William Katz:  Urgent Agenda

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ALGERIA LATEST – AT 11:23 A.M. ET:  As America ramps up a new inauguration, and a celebration of Obama, come to save us, reality intrudes.  The latest Al Qaeda terror attack, against an oil installation in Algeria, paints a picture of a group not in disarray, but on the rebound.  The latest news is not good.  From WaPo:

LONDON — Algerian forces launched a final assault Saturday against Islamist militants holding foreign hostages at a desert energy complex, resulting in the deaths of 11 kidnappers and their seven remaining captives, according to Algerian and French news reports.

Reports of the raid — which unfolded despite calls for restraint from foreign governments, including the United States, whose nationals were being held captive — remained sketchy and unverified, but state media said the operation targeted a remaining stronghold of militants at the sprawling, remote facility run by BP, Norway’s Statoil and Algeria’s state-run energy company. Reports from Algeria’s state news agency and France’s AFP, both quoting an unnamed Algerian security official, suggested the militants may have killed their hostages as forces approached.

Also from WaPo:

LONDON — The hostage crisis in Algeria has upended the Obama administration’s strategy for coordinating an international military campaign against al-Qaeda fighters in North Africa, leaving U.S., European and African leaders even more at odds over how to tackle the problem.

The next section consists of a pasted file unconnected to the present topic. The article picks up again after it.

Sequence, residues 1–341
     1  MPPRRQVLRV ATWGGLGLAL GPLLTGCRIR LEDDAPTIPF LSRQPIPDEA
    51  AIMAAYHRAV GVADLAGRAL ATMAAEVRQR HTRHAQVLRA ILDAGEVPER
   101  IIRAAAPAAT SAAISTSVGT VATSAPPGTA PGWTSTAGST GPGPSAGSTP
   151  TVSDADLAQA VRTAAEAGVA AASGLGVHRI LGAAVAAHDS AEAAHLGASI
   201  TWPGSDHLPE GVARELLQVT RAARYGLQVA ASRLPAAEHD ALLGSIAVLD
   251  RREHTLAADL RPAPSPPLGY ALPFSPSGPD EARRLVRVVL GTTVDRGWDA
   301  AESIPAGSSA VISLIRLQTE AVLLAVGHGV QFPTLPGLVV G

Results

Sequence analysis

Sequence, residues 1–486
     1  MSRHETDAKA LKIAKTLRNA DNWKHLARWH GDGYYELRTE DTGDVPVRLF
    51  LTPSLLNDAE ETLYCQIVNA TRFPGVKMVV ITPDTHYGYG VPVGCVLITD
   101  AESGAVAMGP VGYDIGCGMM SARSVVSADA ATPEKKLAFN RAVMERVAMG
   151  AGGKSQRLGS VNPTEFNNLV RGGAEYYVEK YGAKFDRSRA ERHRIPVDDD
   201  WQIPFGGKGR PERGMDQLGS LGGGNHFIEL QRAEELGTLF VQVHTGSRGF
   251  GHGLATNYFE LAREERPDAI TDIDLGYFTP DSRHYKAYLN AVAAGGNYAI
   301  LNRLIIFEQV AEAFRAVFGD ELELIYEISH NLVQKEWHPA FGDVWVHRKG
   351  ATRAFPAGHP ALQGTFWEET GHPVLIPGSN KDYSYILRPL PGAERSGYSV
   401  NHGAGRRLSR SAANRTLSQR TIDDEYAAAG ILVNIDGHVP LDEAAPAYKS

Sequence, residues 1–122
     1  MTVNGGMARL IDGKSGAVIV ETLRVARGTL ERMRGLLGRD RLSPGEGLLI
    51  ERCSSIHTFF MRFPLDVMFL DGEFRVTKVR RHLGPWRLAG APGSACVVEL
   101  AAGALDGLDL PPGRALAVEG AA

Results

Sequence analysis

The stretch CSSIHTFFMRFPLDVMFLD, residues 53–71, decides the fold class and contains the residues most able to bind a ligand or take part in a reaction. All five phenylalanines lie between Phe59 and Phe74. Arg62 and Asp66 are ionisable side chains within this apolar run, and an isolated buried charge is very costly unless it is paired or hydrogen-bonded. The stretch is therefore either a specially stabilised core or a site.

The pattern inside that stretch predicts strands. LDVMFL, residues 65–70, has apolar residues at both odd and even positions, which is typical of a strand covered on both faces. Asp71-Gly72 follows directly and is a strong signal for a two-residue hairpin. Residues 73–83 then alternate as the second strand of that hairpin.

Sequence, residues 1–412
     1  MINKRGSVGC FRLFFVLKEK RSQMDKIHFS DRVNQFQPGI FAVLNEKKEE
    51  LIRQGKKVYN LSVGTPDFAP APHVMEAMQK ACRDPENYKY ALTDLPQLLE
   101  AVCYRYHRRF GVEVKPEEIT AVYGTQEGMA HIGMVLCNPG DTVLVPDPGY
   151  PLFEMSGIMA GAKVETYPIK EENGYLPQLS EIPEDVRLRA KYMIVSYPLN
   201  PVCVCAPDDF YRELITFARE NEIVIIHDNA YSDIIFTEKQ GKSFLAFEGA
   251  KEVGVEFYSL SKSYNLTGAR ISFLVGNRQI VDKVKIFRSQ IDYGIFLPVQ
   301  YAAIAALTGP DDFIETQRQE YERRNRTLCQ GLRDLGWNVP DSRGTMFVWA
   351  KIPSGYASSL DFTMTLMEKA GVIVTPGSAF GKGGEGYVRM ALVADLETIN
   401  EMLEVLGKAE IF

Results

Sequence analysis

For months, U.S. officials have intensively lobbied Algeria — whose military is by far the strongest in North Africa — to help intervene in next-door Mali, where jihadists and other rebels have established a well-defended base of operations. Secretary of State Hillary Rodham Clinton and other high-ranking U.S. officials made repeated visits to Algiers in the fall in a bid to persuade the oil-rich country to contribute troops to a U.N.-backed military force in Mali.

But Algeria’s unilateral decision to attack kidnappers at a natural gas plant — while shunning outside help, imposing a virtual information blackout and disregarding international pleas for caution — has dampened hopes that it might cooperate militarily in Mali, U.S. officials said. The crisis has strained ties between Algiers and Washington and increased doubts about whether Algeria can be relied upon to work regionally to dismantle al-Qaeda’s franchise in North Africa.

COMMENT:  Another "outreach" program that failed.  The fact is, we are losing in the Mideast and in northern Africa.  No one seems to care.  We have two new political hacks coming in – John Kerry and Chuck Hagel – who never met a dictatorship they didn't like.  But there are plenty of people in the press who believe that Obama has found the way in foreign policy.  Why, hes bringing the troops home, isn't he? 

But what about tomorrow?  The picture is bleak.

January 19, 2013